A small group of conservative Christians tore some pages from a Quran in a protest outside the White House to denounce what they called the "charade of Islam" on the anniversary of the 9/11 attacks
"Part of why we're doing that, please hear me: the charade that Islam is a peaceful religion must end," said Randall Terry, a leading anti-abortion campaigner, and one of six people who took part in the protest.
Another activist, Andrew Beacham, read out a few Quran passages calling for hatred towards Christians and Jews, and then ripped those pages from an English paperback edition
of the Islamic holy book. He carefully put the torn pieces into a plastic bag, in order not to litter, and said: "The only reason I will not burn it at the White House is because to burn anything on the Capitol grounds is a felony." Beacham, who describes himself as a leader of the right wing conservative Tea Party from Indiana, added: "The Twin Towers were taken down because of the Koran and other religious teachings."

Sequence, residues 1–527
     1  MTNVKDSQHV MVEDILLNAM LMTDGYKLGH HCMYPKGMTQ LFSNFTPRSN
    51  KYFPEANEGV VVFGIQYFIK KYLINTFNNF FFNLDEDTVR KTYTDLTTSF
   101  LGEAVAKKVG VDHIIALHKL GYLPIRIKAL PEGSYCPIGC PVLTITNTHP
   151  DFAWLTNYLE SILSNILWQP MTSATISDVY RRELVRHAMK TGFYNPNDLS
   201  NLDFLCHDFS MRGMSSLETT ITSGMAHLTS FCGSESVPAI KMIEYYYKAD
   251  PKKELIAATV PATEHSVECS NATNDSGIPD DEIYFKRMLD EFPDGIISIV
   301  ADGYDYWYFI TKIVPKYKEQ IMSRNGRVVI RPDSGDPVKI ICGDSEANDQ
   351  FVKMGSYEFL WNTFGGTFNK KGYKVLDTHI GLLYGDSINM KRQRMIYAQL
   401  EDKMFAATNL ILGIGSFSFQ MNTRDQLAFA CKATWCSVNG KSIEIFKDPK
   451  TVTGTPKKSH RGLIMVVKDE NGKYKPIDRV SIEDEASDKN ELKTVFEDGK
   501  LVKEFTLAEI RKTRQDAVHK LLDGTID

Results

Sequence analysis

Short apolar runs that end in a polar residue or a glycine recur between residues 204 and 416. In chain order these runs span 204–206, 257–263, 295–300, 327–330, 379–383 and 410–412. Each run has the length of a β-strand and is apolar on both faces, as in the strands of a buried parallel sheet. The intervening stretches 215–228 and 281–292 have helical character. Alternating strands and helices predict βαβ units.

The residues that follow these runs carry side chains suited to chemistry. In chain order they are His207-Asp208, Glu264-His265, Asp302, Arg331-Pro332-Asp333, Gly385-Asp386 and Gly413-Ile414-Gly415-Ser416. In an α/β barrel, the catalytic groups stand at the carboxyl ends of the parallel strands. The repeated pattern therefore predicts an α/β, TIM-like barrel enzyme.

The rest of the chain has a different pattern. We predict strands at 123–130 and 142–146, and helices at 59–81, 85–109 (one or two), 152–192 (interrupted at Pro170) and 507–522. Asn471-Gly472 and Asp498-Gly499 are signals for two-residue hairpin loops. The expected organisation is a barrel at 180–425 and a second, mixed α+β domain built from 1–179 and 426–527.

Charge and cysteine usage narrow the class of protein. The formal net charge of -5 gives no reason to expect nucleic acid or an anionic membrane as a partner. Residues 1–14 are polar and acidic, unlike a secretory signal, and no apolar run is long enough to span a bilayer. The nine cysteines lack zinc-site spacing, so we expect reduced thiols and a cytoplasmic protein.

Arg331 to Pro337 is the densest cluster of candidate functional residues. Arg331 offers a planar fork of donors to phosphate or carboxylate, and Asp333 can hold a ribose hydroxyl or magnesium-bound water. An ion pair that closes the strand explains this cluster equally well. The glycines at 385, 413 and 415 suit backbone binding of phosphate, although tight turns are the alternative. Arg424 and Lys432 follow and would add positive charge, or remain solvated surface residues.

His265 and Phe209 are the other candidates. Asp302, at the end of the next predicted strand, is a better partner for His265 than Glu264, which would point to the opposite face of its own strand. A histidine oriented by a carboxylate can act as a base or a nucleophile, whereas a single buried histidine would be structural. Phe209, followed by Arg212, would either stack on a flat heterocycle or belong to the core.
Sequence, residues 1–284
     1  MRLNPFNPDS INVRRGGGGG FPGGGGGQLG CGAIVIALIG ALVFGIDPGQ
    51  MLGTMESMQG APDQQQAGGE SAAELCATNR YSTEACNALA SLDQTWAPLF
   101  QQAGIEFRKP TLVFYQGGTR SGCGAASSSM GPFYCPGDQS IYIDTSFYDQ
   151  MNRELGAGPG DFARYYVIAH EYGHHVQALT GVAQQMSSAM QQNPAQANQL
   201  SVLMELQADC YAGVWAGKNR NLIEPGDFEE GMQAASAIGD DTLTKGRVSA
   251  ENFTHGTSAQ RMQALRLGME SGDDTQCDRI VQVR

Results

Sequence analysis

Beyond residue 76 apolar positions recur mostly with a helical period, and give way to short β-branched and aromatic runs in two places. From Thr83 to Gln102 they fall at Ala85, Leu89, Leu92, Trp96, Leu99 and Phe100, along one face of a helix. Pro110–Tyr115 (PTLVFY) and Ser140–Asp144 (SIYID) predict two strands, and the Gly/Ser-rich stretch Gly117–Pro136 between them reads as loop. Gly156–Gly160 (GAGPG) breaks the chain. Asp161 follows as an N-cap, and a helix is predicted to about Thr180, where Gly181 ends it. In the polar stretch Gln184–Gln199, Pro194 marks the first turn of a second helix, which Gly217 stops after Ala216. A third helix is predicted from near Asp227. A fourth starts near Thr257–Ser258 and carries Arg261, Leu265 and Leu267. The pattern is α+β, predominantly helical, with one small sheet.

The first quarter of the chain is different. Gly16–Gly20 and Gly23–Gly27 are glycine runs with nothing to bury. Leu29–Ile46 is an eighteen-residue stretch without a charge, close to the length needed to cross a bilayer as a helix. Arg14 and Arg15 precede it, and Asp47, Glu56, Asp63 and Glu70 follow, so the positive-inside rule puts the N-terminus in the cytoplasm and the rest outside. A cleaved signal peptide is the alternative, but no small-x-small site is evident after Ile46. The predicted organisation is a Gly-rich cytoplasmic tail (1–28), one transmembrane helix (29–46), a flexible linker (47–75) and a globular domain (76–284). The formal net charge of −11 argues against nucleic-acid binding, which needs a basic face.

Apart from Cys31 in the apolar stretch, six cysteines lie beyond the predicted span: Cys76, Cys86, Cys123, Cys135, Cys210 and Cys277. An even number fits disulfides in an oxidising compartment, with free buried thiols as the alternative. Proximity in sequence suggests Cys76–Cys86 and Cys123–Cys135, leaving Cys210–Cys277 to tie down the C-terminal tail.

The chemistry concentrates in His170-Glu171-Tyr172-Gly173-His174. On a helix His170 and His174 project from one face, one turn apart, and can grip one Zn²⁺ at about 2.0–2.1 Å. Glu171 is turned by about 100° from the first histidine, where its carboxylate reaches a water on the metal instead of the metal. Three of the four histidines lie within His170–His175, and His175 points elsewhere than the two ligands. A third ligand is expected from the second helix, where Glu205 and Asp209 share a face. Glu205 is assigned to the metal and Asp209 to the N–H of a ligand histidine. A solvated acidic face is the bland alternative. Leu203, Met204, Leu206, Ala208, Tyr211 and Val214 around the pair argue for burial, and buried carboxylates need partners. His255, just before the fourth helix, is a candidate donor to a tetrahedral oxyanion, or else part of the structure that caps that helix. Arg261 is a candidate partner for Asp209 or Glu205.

A few curious tourists stopped to watch the huddle outside the White House, while police took down the names of the participants but did not intervene. The tiny protest came as the United States marked the somber ninth anniversary of the September 11 attacks
amid heightened tensions following a radical Florida pastor's threat to burn the Quran.
After days of global outrage and protests, pastor Terry Jones, from Gainesville, said today: "We will definitely not burn the Quran, no. Not today, not ever," he told NBC television when pressed for his plans.
President Barack Obama told a deeply polarized America today that Islam was not the enemy as the 9/11 ceremonies took place. "As Americans we will not and never will be at war with Islam. It was not a religion that attacked us that September day. It was Al-Qaeda, (a) sorry band of men, which perverts religion," Obama said. (Watch: Obama on 9/11 Anniversary)